and also two headbands are left visible. The rare binding of this
manuscript dates back to the late middle-ages. Up until now, no other
early middle-age codex with the aforementioned presentation has been
found therefore this Psalter is an absolute unique specimen of
early middle-age book production.
One opens the tiny-sized manuscript to find two prefaces:the
introduction of the holy Hieronymus from the edition of his
Gallicanum and the Prologue "Origo prophetiae Regis David" which
explains the development of the Psalms. There is much to indicate
that this minuscule Psalter was made for its' practical use and not
as a status symbol and from the abundant signs of handling, come the
evidence of its' frequent usage. It is indeed plausible that the
owner of this miniature Psalter wanted to carry with him this little
remembrance book at all times.
No publisher, up until now, has dared to produce so small a
manuscript in the form of a facsimile: in order to meet the standards
of a true-to-original reproduction, new manufacturing processes
needed to be conceived, as well as costly and expensive adaptations
for radiographic technology developed. The extreme care required
during the handling of the small pages and book covers was a special
challenge for the book binders.
With the aid of a special custom-built book binding apparatus, the
book binder must use painstaking care and accuracy to sew layer upon
layer together with two trusses to the book block. The work of
fastening the two wooden book covers on is performed on a scale of
mere millimetres, the most important requirement, for which, is the
highest possible degree of concentration and years of experience in
the art of book binding. As a result of this highly skilled and
professional work, we are able to present to you the smallest
facsimile in the world. It is for every facsimile collector and book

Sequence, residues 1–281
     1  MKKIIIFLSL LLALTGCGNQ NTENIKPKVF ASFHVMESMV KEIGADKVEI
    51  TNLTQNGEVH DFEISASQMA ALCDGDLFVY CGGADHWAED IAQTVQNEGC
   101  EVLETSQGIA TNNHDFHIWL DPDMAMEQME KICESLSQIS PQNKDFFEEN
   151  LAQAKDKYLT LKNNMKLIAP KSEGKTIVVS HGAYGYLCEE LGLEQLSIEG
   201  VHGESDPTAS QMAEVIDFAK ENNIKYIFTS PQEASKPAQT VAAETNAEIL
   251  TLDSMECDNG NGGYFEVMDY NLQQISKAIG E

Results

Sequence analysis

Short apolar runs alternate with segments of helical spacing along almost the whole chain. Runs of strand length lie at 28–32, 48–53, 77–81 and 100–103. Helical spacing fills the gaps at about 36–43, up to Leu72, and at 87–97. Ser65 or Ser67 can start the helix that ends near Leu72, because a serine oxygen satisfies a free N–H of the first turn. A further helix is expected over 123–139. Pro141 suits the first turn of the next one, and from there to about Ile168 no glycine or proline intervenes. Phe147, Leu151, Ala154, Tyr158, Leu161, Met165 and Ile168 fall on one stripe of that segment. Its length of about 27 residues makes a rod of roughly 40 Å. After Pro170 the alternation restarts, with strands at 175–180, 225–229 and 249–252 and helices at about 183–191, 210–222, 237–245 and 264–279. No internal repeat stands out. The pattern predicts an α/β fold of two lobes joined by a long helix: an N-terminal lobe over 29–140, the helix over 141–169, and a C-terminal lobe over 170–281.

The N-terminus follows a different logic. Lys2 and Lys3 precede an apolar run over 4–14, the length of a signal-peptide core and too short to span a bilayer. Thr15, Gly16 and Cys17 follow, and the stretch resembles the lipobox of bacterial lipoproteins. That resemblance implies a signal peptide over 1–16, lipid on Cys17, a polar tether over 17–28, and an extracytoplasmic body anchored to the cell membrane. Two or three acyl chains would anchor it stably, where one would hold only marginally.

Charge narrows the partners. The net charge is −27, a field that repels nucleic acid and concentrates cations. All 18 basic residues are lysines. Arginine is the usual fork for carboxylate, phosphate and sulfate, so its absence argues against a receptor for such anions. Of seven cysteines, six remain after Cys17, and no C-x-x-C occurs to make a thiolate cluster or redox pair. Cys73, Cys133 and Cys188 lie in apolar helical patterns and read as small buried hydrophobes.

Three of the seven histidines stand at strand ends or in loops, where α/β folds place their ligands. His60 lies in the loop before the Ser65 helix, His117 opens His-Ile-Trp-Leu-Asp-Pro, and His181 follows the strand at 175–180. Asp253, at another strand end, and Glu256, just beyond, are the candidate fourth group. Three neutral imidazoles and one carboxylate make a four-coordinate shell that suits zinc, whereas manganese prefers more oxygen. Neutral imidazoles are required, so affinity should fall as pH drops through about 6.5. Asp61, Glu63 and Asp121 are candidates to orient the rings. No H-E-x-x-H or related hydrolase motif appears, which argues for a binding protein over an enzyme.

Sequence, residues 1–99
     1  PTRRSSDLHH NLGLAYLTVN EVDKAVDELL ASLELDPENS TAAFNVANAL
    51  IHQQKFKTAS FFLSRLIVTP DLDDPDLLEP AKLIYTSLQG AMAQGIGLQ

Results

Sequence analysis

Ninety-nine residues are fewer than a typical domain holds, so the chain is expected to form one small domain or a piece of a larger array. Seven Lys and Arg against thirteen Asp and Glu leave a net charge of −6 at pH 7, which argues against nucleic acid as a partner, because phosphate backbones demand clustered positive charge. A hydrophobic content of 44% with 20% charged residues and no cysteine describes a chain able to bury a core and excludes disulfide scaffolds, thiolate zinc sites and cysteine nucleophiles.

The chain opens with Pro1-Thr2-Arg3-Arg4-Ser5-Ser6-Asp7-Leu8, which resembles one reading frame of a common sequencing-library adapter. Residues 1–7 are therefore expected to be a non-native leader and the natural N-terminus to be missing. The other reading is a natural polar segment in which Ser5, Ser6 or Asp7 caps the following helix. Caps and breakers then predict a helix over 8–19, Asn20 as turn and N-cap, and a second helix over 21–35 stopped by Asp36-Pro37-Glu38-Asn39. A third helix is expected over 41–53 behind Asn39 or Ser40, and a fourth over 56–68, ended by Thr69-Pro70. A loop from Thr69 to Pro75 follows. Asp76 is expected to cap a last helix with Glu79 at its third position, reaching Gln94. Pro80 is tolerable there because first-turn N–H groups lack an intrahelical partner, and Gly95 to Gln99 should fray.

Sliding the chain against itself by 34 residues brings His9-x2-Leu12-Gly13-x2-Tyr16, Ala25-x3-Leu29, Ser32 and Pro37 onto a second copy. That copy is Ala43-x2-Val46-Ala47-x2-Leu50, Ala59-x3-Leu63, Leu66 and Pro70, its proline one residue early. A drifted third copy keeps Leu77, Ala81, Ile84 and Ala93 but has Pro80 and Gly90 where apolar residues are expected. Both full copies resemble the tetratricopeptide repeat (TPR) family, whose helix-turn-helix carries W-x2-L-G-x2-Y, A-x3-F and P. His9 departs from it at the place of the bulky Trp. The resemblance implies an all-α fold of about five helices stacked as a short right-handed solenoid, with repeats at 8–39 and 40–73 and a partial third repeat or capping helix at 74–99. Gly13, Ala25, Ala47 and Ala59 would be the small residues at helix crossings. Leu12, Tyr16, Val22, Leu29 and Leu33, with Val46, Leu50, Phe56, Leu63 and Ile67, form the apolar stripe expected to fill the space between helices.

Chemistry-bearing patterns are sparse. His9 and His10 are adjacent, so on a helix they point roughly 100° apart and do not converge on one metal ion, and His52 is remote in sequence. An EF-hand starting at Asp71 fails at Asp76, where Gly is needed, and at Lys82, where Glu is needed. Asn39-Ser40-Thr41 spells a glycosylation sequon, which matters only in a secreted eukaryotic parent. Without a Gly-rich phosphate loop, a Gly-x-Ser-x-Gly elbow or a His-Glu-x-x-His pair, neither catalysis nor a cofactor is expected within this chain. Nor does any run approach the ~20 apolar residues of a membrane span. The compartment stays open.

lover, a rarity and available only in a one-time print run of 980
editions world-wide. The facsimile producers of this manuscript have
brought an important reference of our cultural heritage out of the
secluded libraries that only a handful of scientists have had access
to and into a much wider circle of book lovers with interests in both
art history and history in general.
Down to the smallest detail, this true-to-the-original facsimile
edition serves as a complete substitute for the original manuscript
and in so doing offers a completely undistorted insight into the
aesthetic and spiritual world of the early middle ages.
Foundation library St. Peter, Salzburg Cod. A 1 0.
Third-quarter of the 9th century, most likely north eastern France.
Complete colour facsimile edition in original format 37 x 31mm. All
117 folios are according to original border cuttings.
A full-page portrait of King David, full-page initials at the
beginning of Psalm 1, 51 and 101, pages in text appear against a
crimson background and golden capital letters on nearly every page.
The binding is according to the true details of the original: front
and back book covers out of wood, two authentic, bicoloured trusses
and a hand-stitched headband with exposed book spine.
The facsimile is delivered in a wooden box. Accompanying the
facsimile edition is a scientific commentary that explains and
clarifies the content, form and appearance of the manuscript.